Photo courtesy of Namcogames.com
The Kovels.com Top 10 list indicates the interests of collectors who visit the website. During February 2013, antique enthusiasts were busy researching:
This month there are two newcomers—toys at No. 2, and games at No. 3. New interest in games came from a story in Kovels Komments (July, 2012) about a collection of 7,000 video games sold as a single collection for $1.2 million. It indicates that old electronic games have resale value and are worth collecting. There was also an exhibit of 14 video games at the Museum of Modern Art in New York City this winter. The exhibit presented video games as worthy examples of a new category of art, involving interaction design and storytelling. Some of the games were actually playable; others were displayed as demonstrations. The museum plans to add more games to its collection.
Today there are stores that buy and sell old video games and collectors can search for missing titles just as record and comic book collectors do. Playing old games can be a problem since the earliest games date back to main frame computers of the 1950s and popular arcade games from the 1970s were written for old (now “vintage”) computer operating systems.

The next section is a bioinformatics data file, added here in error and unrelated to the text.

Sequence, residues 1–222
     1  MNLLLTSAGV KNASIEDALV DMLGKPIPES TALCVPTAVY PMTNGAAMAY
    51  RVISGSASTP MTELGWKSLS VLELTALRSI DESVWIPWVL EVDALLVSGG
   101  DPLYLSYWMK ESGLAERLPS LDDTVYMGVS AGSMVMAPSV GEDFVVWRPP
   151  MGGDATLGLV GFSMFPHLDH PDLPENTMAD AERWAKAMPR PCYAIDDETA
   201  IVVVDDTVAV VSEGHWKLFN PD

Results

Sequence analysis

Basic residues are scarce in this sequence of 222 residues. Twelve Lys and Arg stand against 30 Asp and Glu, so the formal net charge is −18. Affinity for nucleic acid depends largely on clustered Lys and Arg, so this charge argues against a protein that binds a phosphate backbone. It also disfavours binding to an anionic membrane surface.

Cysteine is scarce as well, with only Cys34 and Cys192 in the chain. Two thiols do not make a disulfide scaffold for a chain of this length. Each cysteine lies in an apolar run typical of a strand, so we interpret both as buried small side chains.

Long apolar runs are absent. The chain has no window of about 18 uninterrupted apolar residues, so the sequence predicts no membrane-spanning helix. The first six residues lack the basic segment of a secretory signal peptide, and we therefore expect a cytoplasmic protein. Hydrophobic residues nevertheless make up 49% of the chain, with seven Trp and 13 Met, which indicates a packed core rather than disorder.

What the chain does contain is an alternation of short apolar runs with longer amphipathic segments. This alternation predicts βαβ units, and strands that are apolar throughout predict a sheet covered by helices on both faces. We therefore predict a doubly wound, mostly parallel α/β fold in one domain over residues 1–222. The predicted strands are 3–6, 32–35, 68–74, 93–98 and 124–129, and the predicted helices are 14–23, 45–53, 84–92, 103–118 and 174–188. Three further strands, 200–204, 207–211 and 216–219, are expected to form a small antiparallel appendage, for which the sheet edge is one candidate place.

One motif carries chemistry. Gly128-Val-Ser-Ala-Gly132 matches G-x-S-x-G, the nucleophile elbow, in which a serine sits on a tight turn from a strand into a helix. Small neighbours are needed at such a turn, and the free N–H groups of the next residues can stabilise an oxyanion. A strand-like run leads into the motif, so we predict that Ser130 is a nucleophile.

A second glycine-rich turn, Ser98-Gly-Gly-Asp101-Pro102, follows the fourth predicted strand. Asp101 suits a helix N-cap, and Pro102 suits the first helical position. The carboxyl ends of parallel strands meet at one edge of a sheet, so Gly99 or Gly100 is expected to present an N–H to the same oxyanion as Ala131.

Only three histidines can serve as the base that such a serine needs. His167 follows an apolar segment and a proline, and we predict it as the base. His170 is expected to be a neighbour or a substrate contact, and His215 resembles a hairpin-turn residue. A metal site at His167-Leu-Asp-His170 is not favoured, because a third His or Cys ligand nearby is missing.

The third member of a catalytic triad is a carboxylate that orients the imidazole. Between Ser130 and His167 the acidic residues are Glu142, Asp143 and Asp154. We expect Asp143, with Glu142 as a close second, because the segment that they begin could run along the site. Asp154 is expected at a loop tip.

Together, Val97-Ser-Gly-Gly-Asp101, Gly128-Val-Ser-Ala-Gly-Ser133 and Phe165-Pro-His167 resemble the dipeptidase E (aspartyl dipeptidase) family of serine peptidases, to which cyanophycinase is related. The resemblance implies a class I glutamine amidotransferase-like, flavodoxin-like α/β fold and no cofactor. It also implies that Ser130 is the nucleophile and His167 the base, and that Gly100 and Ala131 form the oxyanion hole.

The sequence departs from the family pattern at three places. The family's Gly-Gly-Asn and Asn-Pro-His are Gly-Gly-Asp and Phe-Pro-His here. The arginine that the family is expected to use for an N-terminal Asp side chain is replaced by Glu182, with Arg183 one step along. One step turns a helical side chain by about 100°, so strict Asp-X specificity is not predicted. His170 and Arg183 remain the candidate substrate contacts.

But “game” for older collectors means 19th-century board games like Checkers and the Stanley Africa Game (price $4,000) and 20th-century examples like Monopoly, Clue, or Life. Some collectors want handmade folk art boards for checkers and chess to hang on the wall as art. Others look for the complete game with its board, pieces, spinner, cards, dice, money, instructions and box. Record price for a 19th-century game is $64,625 for Snakes and Ladders. The 20th-century record is $71,500 for the original Monopoly game. All rare games and toys in top condition have been going up in value for the past 25 years.